The Economist: The liberal international order is rapidly falling apart


At first glance, the world economy looks reassuringly stable. America has prospered even as the trade war with China has escalated. Germany withstood the loss of Russian gas supplies without suffering economic disaster. The war in the Middle East did not bring an oil shock. Houthi rebels firing rockets have barely affected the global flow of goods. Trade, the backbone of global GDP, has recovered from the pandemic and is forecast to grow at a healthy pace this year. But look deeper and you see fragility, say experts at The Economist.

The order that governed the world economy for many years after World War II has been undermined. Today it is close to collapse. An alarming number of triggers could provoke a slide into anarchy, where the rule of law prevails and war again becomes the refuge of great powers, the magazine writes.

The collapse of the old order is visible everywhere, the British publication believes.

One of its hallmarks is sanctions, which are applied four times more often than in the 1990s. There is also a “subsidy war” going on, with countries around the world led by China and the United States making huge injections into their economies.

In addition, global capital flows are beginning to fragment, although the dollar is still strong. And international institutions are in a great fever.

The organizations that defended the old system have either ceased to exist or are rapidly losing credibility. The World Trade Organization turns 30 next year, but it has spent more than five years in stasis due to American neglect. The IMF is gripped by an identity crisis, caught between a green agenda and ensuring financial stability. The UN Security Council is paralyzed. And supranational courts, such as the International Court of Justice, are increasingly becoming weapons of opposing sides.

Journalists believe that now problems in the world will be solved by clubs of like-minded countries, and not by globalized organizations. This increases the risks of increased wars and environmental disasters. This is also fraught with a decline in social standards, which peaked in the 90s - 2000s, when the liberal world order was at the height of its power.

Even if conflict never escalates, the economic consequences of violating norms can be swift and severe.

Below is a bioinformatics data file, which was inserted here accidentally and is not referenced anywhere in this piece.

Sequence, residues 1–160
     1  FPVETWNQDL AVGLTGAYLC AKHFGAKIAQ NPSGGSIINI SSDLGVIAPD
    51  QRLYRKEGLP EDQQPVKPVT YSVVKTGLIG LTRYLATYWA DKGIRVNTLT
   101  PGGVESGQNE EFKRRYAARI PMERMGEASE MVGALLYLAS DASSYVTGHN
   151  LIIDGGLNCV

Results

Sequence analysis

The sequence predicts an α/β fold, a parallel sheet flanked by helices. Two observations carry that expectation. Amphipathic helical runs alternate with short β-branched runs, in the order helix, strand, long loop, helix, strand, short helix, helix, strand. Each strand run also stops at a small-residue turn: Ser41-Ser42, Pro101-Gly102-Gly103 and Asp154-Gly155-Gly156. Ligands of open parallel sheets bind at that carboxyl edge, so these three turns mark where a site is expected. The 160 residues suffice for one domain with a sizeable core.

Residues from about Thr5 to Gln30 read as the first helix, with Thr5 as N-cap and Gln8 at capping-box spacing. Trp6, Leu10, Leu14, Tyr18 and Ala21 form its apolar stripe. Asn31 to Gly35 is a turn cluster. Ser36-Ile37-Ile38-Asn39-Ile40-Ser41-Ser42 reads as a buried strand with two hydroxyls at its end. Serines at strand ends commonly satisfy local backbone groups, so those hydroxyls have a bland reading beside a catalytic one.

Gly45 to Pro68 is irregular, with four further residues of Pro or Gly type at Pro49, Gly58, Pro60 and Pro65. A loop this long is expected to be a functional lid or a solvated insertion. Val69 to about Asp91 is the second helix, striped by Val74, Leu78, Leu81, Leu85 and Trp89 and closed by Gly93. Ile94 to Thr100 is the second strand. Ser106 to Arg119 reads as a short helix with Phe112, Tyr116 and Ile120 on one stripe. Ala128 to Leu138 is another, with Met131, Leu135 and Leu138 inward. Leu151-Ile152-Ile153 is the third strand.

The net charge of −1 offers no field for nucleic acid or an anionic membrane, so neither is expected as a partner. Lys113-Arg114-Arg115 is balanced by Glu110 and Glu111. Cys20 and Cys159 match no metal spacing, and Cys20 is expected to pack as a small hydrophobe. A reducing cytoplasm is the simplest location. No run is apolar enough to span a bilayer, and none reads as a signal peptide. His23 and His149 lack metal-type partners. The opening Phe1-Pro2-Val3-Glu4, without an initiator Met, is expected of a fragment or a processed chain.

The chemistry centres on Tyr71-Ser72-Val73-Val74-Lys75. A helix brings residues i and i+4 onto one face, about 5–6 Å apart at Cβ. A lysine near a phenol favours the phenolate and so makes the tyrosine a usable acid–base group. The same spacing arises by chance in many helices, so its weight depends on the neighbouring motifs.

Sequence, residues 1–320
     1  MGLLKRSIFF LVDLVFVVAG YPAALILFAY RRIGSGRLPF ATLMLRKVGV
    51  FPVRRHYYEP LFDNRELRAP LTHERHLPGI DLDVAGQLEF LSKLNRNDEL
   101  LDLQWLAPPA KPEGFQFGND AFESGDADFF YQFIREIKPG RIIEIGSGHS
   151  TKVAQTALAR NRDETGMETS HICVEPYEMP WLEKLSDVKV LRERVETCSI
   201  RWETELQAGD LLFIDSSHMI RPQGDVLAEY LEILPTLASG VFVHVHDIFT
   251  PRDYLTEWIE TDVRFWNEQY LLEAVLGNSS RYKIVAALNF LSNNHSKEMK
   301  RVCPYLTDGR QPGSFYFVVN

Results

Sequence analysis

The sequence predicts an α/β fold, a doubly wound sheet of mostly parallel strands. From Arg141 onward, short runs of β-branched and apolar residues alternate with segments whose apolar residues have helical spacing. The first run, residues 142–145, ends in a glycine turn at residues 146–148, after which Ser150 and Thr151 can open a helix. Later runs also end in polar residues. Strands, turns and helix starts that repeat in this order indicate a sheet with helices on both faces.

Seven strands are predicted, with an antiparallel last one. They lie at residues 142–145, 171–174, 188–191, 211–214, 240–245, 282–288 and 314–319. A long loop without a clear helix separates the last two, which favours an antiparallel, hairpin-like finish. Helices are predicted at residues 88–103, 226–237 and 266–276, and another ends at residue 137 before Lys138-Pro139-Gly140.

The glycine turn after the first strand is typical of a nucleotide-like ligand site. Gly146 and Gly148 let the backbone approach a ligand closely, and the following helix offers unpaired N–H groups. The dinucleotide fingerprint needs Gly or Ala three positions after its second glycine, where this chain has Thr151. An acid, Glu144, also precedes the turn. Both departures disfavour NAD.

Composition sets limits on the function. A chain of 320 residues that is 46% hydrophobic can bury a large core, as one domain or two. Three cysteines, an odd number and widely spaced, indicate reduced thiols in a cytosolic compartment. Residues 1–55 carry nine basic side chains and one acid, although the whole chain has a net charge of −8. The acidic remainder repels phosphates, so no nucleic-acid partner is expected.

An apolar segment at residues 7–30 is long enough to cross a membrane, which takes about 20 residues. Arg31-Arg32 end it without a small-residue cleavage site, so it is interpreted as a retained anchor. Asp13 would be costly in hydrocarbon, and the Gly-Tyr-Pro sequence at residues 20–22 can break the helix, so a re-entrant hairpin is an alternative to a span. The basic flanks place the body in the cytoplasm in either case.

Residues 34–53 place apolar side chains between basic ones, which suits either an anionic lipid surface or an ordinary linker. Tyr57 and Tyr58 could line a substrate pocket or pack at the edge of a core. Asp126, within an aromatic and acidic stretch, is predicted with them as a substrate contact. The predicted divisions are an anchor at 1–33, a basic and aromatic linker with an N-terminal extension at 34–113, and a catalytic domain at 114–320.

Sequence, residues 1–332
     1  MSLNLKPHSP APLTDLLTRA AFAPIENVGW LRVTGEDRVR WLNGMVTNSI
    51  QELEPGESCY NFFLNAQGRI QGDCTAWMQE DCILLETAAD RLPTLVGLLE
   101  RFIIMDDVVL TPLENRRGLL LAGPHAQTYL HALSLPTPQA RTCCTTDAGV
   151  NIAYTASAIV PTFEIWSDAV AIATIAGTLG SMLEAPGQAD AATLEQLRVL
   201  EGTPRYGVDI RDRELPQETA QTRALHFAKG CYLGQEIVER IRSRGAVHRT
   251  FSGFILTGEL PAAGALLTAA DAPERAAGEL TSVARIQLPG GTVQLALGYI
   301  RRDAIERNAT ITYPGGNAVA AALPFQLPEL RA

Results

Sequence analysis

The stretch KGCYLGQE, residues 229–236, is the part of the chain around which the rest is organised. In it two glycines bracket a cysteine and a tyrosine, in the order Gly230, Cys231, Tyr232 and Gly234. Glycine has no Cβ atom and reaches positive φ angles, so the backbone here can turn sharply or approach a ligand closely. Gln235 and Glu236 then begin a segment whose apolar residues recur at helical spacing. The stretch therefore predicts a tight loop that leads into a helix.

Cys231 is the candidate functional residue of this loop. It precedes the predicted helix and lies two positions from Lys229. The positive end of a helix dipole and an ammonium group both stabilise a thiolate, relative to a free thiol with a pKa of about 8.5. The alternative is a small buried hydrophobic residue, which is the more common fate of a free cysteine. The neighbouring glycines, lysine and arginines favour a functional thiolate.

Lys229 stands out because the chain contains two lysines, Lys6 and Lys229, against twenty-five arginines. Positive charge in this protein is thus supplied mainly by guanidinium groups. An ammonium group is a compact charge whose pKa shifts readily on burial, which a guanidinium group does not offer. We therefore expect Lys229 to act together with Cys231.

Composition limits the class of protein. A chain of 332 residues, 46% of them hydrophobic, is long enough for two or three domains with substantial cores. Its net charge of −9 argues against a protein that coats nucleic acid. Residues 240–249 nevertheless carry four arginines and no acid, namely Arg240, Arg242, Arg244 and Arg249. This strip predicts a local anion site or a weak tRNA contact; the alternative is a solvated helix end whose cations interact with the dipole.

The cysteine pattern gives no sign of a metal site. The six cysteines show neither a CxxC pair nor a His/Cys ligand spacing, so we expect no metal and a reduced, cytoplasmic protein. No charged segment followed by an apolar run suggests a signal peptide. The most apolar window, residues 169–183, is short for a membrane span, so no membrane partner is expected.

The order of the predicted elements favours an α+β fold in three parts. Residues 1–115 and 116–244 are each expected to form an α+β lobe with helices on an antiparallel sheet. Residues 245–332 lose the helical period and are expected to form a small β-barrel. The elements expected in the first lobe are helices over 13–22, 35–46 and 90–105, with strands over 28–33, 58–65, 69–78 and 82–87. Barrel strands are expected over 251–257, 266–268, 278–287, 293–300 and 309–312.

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  1. +4
    10 May 2024 09: 03
    liberalism implies freedom... but for some reason the word “freedom” has become associated with some kind of perversion and degeneration...

    Only socialist transformations in society can bring true freedom. when it doesn’t matter whether you are the son of a milkmaid or a Gazprom manager... the most important thing is to show yourself and you may well become the First, as was the case with Yuri Gagarin.

    and when you are cool not because you achieved something through hard work, but only because you were born Sobchak or Hilton - this is not freedom, this is segregation...
  2. +2
    10 May 2024 09: 08
    they didn’t write the main thing, the core of the previous world order was the dollar, but the erroneous arrest of Russian assets undermined confidence in it, against the backdrop of an objective emission that has long surpassed all conceivable possibilities, the dollar and the dollar will soon collapse when the great depression in the United States seems like paradise...... We will cover the walls with dollars or burn them instead of firewood
  3. +4
    10 May 2024 09: 24
    Everything flows, everything changes.
    The time has come when the “empire” of the liberal world order is destroyed, as all empires have been destroyed.
    Moreover, destruction, as always, came from within, which is natural for empires.
    Which path will humanity take?
    The son of a Gazprom manager will want to inherit his father's property.
    Will he want to share the inheritance with the milkmaid's son? Hardly.
    Why the son of an ensign will never become a general. Yes, because the general has his own son.
    Therefore, what the future society will be like is a big question.
  4. +1
    10 May 2024 12: 13
    Come on, capitalism, as it was, will remain capitalism. And any society is always divided into strata. Some work as a digger, some as an excavator operator, some as the owner of a construction company. Not the point. And the point is that the change of world order from PAX AMERICANA to some other occurs as painlessly as possible. How? Don't know.
    1. +1
      10 May 2024 15: 44
      There are two ways of changing the foundations, when the main one rots itself and many shoots sprout, competing with each other. And a more frequent option is when the new giant that has grown up overshadows and wears out the old giant, especially if he is already sick. It looks like we have a second case where the United States has rotted, but is still holding on, and the new giant (PRC) is outgrowing the old one before our eyes. Here it is possible that a change in the main one, or several main ones (from BRICS), can happen “with a bang”. The time for a change of leader is approaching, the old leader is in “zugzwangzig”, what follows will show the course of history in the 21st century.